Dear RCC members,
To Boldly Go
I have lived for 40-odd years near the hospital and university and have cycled into town on countless occasions, but as far as I can remember, I had never gone via Sidmouth Street. So now that the council has converted the southbound lane into a dedicated and segregated two-way cycle path, I felt I had to try it out and tell our loyal campaign members what I have discovered.
So on a sunny morning this February half-term, I set off to see what I had been missing. The ride started badly with two full width sleeping police-men to cross right alongside my house and it got worse as I cycled down Redlands Road past the hospital. I was maintaining my place on the road carefully riding where the cycle logos on the road were painted.
The car immediately behind me was following at a sensible distance, but obviously I was too slow for a big black Mercedes taxi, who overtook both the car behind and myself by driving past the wrong side of the central island and then speeding off at considerably more than the 20mph limit.
This was just by a main entrance to the hospital where ambulances and other vehicles are always coming in and out. But at least the central island protected me from him – small mercies indeed.
London Road was quiet, and I was able to move across to the far side easily, which is not always the case for this very busy road. The traffic lights changed just as I approached the back of the queue of cars, and I was able to turn into Sidmouth Street and appreciate the full beauty of what the Council has provided.
A smooth recently re-laid surface, with lots of bollards separating from the northbound traffic lane, carefully painted logos on the tarmac and lots of informative or warning signs for the benefit of all users.
So getting onto the route was no problem from the South and it was a very smooth and pleasant ride down the hill until I got to the sign at the bottom that proclaimed ‘END OF ROUTE’.
What was I to do then? There was no indication as to how to proceed. Do I join the main traffic again but if so, where do I do it? Do I become a pedestrian and wait to cross at the crossing? HELP!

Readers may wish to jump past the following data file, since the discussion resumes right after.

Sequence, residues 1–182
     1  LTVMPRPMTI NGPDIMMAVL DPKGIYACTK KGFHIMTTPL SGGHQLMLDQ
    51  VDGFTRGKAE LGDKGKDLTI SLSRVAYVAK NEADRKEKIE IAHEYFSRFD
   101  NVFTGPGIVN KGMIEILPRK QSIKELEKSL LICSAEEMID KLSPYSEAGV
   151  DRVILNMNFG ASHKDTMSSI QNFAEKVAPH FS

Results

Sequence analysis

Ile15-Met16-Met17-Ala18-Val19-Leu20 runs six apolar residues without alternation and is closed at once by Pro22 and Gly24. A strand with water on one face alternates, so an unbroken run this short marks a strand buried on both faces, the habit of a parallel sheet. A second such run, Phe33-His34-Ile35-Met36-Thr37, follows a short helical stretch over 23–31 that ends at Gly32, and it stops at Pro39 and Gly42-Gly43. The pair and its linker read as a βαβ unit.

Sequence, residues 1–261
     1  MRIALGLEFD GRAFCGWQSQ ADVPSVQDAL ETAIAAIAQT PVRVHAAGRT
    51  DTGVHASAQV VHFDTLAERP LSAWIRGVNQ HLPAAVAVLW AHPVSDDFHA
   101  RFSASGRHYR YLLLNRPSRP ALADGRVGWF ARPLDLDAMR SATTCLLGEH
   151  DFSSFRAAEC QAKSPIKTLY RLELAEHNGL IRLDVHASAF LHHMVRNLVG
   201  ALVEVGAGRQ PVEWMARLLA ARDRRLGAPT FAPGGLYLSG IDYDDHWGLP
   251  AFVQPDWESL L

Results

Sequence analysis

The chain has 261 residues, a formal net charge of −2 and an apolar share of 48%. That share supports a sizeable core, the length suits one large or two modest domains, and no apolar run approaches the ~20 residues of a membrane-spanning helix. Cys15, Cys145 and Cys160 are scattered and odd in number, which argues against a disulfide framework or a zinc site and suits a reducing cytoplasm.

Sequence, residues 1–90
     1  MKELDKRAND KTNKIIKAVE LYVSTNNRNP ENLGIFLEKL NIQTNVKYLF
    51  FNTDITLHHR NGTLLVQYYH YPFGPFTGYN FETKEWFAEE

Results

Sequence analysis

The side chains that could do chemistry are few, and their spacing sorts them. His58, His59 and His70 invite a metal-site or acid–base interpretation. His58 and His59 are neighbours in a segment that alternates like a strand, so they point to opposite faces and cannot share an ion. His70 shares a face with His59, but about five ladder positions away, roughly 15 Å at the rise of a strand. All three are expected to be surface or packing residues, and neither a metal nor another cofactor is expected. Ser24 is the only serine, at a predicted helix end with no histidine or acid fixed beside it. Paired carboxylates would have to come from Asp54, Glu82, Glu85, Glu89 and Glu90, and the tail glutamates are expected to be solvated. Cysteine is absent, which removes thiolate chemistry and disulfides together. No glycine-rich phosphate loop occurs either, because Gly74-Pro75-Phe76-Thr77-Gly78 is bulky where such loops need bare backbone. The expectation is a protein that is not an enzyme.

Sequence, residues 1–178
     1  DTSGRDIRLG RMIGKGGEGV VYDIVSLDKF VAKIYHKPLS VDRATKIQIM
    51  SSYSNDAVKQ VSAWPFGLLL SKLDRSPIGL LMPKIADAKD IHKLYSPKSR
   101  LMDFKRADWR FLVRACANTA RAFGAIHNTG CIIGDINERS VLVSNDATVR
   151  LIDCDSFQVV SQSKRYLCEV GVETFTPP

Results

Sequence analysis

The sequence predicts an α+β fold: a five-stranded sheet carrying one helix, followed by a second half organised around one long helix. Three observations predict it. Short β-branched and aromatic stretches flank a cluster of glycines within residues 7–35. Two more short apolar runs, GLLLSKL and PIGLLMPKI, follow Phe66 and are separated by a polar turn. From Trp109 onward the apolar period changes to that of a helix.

I really wanted to get across the Queen’s Road and get down to Kennetside, but there was no way other than getting off my bike and using the traffic light controlled crossings, which I did.
Having gazed at the river and said ‘hello’ to a couple of passing swans, I decided to tackle the reverse journey, but again – How?
There is a multi-coloured barrier of plastic things blocking the entry with a small track leading from the bus lane. This entry was only partially blocked with a few tree branches, although earlier in the year it was impassable due to the accumulation of leaves at the pinch point.
But was I really supposed to go to the end of the central reservation and cross two lanes of traffic to get to it? There were no helpful cycle route signs anywhere to be seen, so I retraced my footsteps – yes I got off the bike again – and went via the pedestrian crossings.
A nice leisurely ride took me back to the top of the road past the inevitable ‘END OF ROUTE’ sign and another telling me that I had to ‘STOP WHEN RED LIGHT SHOWS’. Now I may be being a bit picky, but I have noticed that one car always goes through on red at most traffic lights in town and no-one, least of all the police, seems to care.
So why do we cyclists have to be reminded? As the London Road was clear when I got to the top, I ignored the message and sped across into Crown Place and back home.
So what did I learn?
First – I was the only cyclist using it while I was there. My wife tells me she saw another later on that day and I have seen three cyclists using it in total.
Second – it is of reasonably high-quality construction.
Third – it is absolutely useless.
So how did it come about? I have emailed Councillors Page and Gittings for information about the genesis of the scheme, but as yet have had no response from either.
Transport planners for RBC could not enlighten me further. I know that it was funded from the government’s Active Travel Fund – Tranche 1 allocation, but I cannot see what led the Council to choose this particular scheme.
I asked Councillor White, leader of the Green Party Council Group, the same questions and here is his reply.
“As far as I can tell the scheme was generated by the Council Transport Planners – or the Transport Consultants the Council uses.
“I don’t have the cost of the scheme to hand, but I would guess design and implementation was in the tens of thousands of pounds. Not value for money in my opinion.
“We asked for the schemes to be consulted on – at the very least with key stakeholders – but were told no.
“I don’t think the Council will have any evidence that it met any need. I think disappointingly they just looked at where they could introduce something easily.
“I haven’t heard that any follow-up studies have been done and if they were they would show that no one uses it – which is probably why they won’t do one.”
I think this reply says it all. As a fairly experienced and confident cyclist, I felt very exposed at the Queen’s Road junction, and I would have been happier actually cycling with the traffic stream rather than having to negotiate the crossings.
I think there is a serious message here for the Council Planners with regard to the Shinfield Road scheme, that the problems for most cyclists come at the junctions and the access to wherever they intend to go and not the road in between.
I do hope that we are not going to find ourselves with another expensive white elephant of a scheme.